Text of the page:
TOORAK, Australia, Dec. 23, 2013 /PRNewswire/ -- Antisense Therapeutics Limited ("ANP" or "the Company") is pleased to advise that positive results have been achieved from the interim analysis of a subset of available data from its Phase II clinical trial of ATL1103 in patients with the growth disorder, acromegaly.
The interim analysis was undertaken on the 8 patients who have completed the full 3 months of dosing at both dosing levels employed in the study. 4 patients received 200 mg of ATL1103 once per week and 4 received the higher dose of 200 mg twice per week (400 mg).
The interim analysis assessed the change (percentage reduction) from each patient's baseline (start of the study) serum Insulin-like Growth Factor-I (sIGF-I) levels to their levels after the completion of dosing with ATL1103. Reducing sIGF-I levels is the primary marker of ATL1103 activity in this trial as acromegaly patients have elevated sIGF-I levels compared to the normal population and furthermore, reduction of sIGF-I to within the normal range in a significant proportion of patients is the goal in Phase III registration trials for acromegaly treatments.
In the 4 patients who received the 400 mg per week dose, ATL1103 reduced sIGF-I levels consistently and by an average (mean) of 30% (range 4% to 48%) at week 14 (one week past the last dose) which is the primary efficacy time point for the trial. sIGF-I levels were reduced by a mean of 38% (28 – 48%) in the 3 patients who had lower body weights (58 - 83 kg at screening) and thereby received a relatively higher dose per kg bodyweight. The one patient showing the lowest sIGF-1 reduction at week 14 had the highest body weight (132 kg at screening).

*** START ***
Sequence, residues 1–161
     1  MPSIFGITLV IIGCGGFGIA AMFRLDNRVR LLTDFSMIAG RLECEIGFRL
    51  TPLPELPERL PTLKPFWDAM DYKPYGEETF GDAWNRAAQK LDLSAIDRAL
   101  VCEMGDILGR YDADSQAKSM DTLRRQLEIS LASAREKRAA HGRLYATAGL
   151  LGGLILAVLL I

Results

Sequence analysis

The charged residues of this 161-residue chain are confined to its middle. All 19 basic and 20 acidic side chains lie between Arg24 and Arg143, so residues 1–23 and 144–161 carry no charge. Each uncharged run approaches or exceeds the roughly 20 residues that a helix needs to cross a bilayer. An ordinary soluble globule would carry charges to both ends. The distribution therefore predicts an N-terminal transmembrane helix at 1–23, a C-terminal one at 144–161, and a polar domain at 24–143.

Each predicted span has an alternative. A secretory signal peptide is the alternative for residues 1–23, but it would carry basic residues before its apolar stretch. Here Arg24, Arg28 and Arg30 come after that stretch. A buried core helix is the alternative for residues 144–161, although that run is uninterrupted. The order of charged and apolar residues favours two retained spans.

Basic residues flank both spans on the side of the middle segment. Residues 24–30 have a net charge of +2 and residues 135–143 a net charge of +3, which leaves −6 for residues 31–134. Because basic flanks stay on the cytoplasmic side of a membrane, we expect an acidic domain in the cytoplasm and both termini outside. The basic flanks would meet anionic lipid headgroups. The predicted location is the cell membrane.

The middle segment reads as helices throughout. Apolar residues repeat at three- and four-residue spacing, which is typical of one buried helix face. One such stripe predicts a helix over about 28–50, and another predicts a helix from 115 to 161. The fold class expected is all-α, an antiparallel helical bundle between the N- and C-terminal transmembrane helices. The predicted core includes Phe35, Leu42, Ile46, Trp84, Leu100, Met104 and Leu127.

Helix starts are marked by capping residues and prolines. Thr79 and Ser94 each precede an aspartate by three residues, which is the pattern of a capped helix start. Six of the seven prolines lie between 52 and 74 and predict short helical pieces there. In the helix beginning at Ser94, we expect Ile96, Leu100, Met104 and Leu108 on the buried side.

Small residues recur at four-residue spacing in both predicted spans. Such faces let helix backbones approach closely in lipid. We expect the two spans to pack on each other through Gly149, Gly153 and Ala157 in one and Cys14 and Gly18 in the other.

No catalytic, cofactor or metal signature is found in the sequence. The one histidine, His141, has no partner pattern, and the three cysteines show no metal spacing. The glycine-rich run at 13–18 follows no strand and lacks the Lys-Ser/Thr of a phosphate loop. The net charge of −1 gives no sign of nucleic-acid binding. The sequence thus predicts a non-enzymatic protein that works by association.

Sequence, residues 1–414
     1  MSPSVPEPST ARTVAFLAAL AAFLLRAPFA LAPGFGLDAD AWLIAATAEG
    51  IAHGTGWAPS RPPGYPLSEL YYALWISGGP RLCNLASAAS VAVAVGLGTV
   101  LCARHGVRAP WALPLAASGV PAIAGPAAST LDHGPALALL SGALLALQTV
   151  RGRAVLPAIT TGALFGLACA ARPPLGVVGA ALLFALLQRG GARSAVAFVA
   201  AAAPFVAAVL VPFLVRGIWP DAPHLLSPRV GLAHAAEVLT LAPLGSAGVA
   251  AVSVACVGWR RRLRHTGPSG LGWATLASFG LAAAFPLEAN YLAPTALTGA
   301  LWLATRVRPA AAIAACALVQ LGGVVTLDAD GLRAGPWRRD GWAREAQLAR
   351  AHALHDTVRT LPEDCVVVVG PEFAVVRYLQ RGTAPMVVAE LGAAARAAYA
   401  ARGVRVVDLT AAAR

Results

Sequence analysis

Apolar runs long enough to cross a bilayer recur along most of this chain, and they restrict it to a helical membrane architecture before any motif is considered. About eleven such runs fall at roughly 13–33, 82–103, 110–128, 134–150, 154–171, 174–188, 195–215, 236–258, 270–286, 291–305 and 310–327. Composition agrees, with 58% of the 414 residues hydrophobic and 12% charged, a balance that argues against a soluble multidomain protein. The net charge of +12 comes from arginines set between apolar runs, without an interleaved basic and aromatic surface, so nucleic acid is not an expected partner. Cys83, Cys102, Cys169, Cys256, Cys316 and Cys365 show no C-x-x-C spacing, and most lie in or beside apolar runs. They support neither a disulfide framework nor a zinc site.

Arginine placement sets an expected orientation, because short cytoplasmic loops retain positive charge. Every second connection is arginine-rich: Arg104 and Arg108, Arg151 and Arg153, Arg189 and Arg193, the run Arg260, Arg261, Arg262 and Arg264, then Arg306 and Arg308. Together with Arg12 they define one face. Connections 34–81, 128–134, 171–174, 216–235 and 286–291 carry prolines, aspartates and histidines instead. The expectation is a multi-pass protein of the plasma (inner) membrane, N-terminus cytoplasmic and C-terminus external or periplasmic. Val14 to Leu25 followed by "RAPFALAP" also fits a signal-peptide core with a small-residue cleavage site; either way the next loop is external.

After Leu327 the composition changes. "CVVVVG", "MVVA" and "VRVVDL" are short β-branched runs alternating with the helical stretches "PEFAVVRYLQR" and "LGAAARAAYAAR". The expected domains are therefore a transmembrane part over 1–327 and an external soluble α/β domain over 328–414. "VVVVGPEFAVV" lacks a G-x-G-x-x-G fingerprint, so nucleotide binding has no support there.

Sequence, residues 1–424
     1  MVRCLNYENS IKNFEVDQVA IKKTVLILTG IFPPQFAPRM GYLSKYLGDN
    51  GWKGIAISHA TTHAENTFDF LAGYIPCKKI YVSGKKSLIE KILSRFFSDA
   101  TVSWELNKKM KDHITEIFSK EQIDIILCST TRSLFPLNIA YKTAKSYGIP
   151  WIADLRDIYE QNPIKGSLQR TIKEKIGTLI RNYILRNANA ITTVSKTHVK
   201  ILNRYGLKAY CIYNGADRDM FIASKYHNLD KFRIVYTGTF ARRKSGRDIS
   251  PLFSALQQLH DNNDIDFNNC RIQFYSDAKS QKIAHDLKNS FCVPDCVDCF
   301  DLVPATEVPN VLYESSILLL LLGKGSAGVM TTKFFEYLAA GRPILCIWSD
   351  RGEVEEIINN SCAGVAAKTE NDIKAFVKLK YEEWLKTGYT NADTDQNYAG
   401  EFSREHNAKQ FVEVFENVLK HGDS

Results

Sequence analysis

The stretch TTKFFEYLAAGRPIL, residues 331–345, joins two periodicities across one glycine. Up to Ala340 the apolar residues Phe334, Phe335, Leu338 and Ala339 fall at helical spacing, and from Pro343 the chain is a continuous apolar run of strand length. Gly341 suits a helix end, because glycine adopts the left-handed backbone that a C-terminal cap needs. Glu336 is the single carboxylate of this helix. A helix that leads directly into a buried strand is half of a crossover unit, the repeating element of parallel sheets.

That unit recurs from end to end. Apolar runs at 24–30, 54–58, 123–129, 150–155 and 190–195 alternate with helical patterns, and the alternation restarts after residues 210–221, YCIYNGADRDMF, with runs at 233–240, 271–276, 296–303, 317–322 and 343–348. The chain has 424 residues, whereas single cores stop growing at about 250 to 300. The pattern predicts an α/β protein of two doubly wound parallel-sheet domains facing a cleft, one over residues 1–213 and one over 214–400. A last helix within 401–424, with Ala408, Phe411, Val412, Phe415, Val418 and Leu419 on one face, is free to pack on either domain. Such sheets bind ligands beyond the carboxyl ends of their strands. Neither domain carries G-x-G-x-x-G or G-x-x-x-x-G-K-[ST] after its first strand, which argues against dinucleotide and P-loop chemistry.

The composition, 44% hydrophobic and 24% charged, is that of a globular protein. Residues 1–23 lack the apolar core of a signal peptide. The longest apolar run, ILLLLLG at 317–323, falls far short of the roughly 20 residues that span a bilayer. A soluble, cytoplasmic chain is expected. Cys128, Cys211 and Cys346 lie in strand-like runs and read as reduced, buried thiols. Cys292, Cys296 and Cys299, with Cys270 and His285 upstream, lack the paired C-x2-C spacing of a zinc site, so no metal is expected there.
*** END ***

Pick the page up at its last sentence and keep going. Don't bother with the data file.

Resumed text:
At the 200 mg per week dose, no consistent reduction in mean sIGF-I levels was observed at week 14, although some sIGF-I reduction was noted in individual patients.
The time course data (see Figure 1) at the 400 mg per week dose generally shows a progressive rate of reduction in sIGF-I over the dosing period. This is further support for the therapeutic action of ATL1103 observed in this trial and suggests that continued dosing of ATL1103 at the 400 mg per week dose for longer than 3 months could result in additional reductions in sIGF-I.
While sIGF-I levels were substantially suppressed in 3 patients receiving the 400 mg per week dose of ATL1103, their sIGF-I levels did not reduce all the way to normal levels, however this is not surprising considering the study design was not optimised for this endpoint, the small number of patients analysed thus far and that their starting sIGF-I levels (2.4 to 5 times above normal) appear higher when compared to average starting levels of acromegaly patients in larger published clinical studies (e.g. 1.8 times above normal).
To date no patients dosed with ATL1103 have withdrawn from the study nor have any serious adverse events, believed to be treatment-related, been reported. So far, both doses appear to be well tolerated. The positive safety profile to date suggests the drug may be tolerated at higher levels than 400 mg per week and so the Company is considering the prospect of conducting a small add-on study to support the use of a higher dose in Phase III trials for dose escalation in patients with more active disease.